Example Question #2 : Newtonian Mechanics
If a 15kg object is subjected to a force of 175N to the east and another force of 1020N to the west, what is the object’s acceleration?
First, find the net force by subtracting the opposing forces.
F = 1020N – 175N = 845 N to the west
Next, find acceleration using Newton's second law, .
Example Question #1 : Linear Motion
Three blocks (in left-to-right order: block A, block B, block C) are pushed along a frictionless horizontal surface by a 50N force to the right, which acts on block A.
If the masses of the blocks are given by , , and , which of the following best describes the relationship between the accelerations of the blocks?
The three blocks must remain in contact as they move, so they will each have the same velocity and acceleration regardless of their different masses. So, .
Example Question #2 : Linear Motion
A block slides down a incline. If the coefficient of friction between the block and the incline is , determine the acceleration of the block as it slides down the incline.
Know what forces are involved by drawing a force diagram.
The gravitational force is broken into the x and y components. The net force on the block in the y-direction is the normal force minus the y component of the gravitational acceleration ().
Notice that the net y-force is equal to zero to show that the block is not moving anywhere in the y-direction. Now, we can isolate the normal force.
The net force in the x-direction is . We know that the block is accelerating in the x-direction; therefore the net force is equal to .
We can use the friction equations to substitute for the x-direction forces.
We can isolate the acceleration and solve using the provided values.
Example Question #3 : Linear Motion
A car of mass is initially at rest, and then accelerates at for . What is the kinetic energy of the car at time ?
The first step will be to find the final velocity of the car. We know the acceleration and time, so we can find the final velocity using kinematics. The initial velocity is zero, since the car starts at rest.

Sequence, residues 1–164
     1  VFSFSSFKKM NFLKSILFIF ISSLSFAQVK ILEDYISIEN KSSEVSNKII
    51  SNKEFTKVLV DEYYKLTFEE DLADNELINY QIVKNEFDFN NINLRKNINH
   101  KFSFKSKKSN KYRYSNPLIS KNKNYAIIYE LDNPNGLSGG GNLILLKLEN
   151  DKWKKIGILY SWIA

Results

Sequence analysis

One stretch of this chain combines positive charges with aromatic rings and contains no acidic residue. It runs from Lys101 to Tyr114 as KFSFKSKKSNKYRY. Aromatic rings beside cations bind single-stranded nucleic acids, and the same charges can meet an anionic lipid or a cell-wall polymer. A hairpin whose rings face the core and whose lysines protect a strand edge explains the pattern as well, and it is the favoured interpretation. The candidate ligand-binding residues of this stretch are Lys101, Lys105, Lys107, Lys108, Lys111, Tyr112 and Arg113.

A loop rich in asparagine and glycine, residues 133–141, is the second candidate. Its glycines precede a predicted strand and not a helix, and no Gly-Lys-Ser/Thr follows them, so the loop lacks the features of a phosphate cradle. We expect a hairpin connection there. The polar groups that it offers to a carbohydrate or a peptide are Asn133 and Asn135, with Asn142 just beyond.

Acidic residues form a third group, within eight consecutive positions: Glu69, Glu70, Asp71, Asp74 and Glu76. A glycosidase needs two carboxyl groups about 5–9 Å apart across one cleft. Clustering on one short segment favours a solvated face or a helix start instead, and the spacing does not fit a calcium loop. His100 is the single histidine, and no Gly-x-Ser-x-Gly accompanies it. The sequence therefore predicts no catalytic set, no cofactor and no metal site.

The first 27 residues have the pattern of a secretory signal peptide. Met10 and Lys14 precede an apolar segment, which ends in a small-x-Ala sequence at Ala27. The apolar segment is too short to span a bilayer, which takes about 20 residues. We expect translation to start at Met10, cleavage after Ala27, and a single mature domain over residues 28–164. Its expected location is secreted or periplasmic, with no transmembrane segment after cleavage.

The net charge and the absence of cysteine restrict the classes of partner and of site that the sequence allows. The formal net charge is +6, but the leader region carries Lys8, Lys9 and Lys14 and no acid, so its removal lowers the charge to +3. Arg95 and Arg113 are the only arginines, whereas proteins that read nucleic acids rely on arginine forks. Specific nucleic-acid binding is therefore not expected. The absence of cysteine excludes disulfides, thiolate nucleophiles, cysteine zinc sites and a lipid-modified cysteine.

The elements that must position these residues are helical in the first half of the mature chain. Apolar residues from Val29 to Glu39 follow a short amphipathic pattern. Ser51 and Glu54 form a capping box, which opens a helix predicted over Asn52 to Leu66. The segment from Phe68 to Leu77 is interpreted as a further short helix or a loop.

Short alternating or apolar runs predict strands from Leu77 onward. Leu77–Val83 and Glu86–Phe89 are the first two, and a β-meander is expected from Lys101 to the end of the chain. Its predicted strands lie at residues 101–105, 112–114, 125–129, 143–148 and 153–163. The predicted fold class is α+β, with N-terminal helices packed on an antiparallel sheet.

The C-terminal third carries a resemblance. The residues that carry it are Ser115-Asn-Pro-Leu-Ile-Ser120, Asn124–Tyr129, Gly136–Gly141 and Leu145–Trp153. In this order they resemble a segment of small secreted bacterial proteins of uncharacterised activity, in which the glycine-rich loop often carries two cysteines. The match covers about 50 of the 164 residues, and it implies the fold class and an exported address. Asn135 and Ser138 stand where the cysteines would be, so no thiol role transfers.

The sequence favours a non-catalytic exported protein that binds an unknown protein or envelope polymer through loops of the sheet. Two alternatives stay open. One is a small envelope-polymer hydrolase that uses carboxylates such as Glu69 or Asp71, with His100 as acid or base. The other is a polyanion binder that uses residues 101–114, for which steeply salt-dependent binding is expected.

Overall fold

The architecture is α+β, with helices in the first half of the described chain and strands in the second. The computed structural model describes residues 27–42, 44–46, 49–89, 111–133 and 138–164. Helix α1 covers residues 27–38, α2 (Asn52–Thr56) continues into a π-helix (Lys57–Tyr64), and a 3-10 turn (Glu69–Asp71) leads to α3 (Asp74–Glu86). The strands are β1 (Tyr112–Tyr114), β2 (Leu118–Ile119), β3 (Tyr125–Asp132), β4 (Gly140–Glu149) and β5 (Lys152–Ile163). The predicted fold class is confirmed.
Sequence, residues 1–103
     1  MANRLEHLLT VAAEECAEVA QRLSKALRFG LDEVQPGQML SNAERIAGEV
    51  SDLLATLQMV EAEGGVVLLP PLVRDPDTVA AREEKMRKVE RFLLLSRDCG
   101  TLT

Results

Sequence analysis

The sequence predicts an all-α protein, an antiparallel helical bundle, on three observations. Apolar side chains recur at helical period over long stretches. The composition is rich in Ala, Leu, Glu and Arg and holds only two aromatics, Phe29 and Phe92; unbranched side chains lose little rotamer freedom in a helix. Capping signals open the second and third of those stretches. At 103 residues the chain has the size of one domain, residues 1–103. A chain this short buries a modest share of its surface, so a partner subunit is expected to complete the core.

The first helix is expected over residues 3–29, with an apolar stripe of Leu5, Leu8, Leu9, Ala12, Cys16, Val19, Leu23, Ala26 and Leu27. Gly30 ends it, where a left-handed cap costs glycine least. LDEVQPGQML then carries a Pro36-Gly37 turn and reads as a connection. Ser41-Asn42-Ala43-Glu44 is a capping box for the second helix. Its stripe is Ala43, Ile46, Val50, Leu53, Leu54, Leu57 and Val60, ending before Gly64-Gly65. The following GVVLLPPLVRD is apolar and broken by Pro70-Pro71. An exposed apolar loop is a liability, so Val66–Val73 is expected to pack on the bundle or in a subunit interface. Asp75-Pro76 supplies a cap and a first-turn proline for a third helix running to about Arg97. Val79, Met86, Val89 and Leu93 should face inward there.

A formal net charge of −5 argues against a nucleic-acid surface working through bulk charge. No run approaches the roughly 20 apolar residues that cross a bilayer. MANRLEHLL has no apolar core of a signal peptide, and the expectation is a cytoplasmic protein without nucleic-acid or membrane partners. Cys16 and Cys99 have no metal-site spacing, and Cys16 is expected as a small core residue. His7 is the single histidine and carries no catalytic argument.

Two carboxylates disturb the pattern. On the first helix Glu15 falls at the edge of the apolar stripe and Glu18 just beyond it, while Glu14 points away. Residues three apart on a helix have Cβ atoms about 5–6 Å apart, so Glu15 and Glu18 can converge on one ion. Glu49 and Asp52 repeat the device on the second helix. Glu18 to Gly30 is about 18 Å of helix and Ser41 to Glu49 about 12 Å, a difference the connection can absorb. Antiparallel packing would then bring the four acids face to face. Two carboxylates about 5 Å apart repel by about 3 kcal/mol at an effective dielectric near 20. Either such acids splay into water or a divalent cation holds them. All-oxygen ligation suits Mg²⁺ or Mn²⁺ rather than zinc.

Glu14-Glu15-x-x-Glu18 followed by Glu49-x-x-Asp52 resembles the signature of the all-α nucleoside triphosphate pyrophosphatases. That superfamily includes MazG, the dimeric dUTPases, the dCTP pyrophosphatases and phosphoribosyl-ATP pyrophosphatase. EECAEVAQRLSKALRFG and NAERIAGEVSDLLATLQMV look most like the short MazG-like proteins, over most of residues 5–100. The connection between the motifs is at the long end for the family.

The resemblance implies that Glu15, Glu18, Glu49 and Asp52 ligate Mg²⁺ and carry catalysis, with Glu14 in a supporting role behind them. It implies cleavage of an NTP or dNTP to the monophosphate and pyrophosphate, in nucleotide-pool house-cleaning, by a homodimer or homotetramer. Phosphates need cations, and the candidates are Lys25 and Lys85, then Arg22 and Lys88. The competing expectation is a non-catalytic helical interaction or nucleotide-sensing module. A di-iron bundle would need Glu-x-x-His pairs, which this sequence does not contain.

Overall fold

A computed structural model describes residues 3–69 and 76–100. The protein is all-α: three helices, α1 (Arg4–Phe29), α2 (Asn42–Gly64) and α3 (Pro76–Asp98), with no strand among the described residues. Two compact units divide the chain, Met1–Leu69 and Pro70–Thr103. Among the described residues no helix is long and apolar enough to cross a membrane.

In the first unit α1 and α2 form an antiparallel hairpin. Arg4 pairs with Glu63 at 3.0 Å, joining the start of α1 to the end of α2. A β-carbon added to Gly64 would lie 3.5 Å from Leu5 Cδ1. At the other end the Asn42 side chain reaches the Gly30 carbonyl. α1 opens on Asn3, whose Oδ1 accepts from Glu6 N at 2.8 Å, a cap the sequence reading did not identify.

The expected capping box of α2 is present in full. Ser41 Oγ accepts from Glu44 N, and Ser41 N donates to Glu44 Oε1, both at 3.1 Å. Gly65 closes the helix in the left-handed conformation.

Use this velocity and the mass of the car to solve for the final kinetic energy.
Example Question #4 : Linear Motion
A man throws a ball straight up in the air at a velocity of . If there is a constant air resistance force of against the motion of the ball, what is the maximum height of the ball?
We first need to find the net force acting on the ball during flight. We can then use the net force and Newton's second law to find the total acceleration on the ball.
Use this net force to find the acceleration.
From here, there are two ways to solve. One way uses kinematic equations, and the other uses energy. We will solve using energy.
Total energy must be conserved during the throw, so the initial kinetic energy must equal the final potential energy (since velocity is zero at the maximum height).
Use the given initial velocity to find the final height.
Example Question #1 : Newtonian Mechanics
What is the acceleration of the system shown above? (Assume the table is frictionless and the mass of the rope connecting blocks is negligible).
The force that translates to the entire system is that of gravity acting on the mass hanging over the ledge.
140N is the total force acting on the system, which has a mass equal to both blocks combined (65 kg + 14 kg = 79 kg). We can find the acceleration using Newton's second law.
Example Question #4 : Understanding Accelerations
A car moving at 40m/s suddenly applies a braking force and comes to rest in 20s, with constant deceleration. If the car has a mass of 2000kg, what is the braking force?
First we can calculate the acceleration.
Using F = ma with the magnitude of the acceleration we can find the force.
Example Question #4 : Motion
A box is placed on a 30o frictionless incline. What is the acceleration of the box as it slides down the incline?
To find the acceleration of the box traveling down the incline, the mass is not needed. Using the incline of the plane as the x-direction, we can see that there is no movement in the y-direction; therefore, we can use Newton's second, F = ma, in the x-direction.
There is only one force in the x-direction (gravity), however gravity is not just equal to “mg” in this case. Since the box is on an incline, the gravitational force will be equal to mgsin(30o). Substituting force into F =ma we find that mgsin(30o) = ma. We can now cancel out masses and solve for acceleration.